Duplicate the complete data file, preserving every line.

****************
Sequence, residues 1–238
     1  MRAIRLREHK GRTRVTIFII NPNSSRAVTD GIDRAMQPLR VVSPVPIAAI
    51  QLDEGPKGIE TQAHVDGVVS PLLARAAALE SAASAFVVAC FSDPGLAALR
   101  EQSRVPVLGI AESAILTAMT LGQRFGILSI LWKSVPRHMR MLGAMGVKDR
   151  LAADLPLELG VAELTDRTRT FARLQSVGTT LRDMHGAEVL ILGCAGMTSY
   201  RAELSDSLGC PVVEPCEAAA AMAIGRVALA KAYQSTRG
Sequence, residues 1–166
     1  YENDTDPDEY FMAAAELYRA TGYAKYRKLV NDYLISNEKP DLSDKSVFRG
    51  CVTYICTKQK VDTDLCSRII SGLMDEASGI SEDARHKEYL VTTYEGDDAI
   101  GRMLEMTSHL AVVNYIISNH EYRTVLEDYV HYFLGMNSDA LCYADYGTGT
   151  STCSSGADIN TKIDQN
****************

Sequence, residues 1–238
     1  MRAIRLREHK GRTRVTIFII NPNSSRAVTD GIDRAMQPLR VVSPVPIAAI
    51  QLDEGPKGIE TQAHVDGVVS PLLARAAALE SAASAFVVAC FSDPGLAALR
   101  EQSRVPVLGI AESAILTAMT LGQRFGILSI LWKSVPRHMR MLGAMGVKDR
   151  LAADLPLELG VAELTDRTRT FARLQSVGTT LRDMHGAEVL ILGCAGMTSY
   201  RAELSDSLGC PVVEPCEAAA AMAIGRVALA KAYQSTRG
Sequence, residues 1–166
     1  YENDTDPDEY FMAAAELYRA TGYAKYRKLV NDYLISNEKP DLSDKSVFRG
    51  CVTYICTKQK VDTDLCSRII SGLMDEASGI SEDARHKEYL VTTYEGDDAI
   101  GRMLEMTSHL AVVNYIISNH EYRTVLEDYV HYFLGMNSDA LCYADYGTGT
   151  STCSSGADIN TKIDQN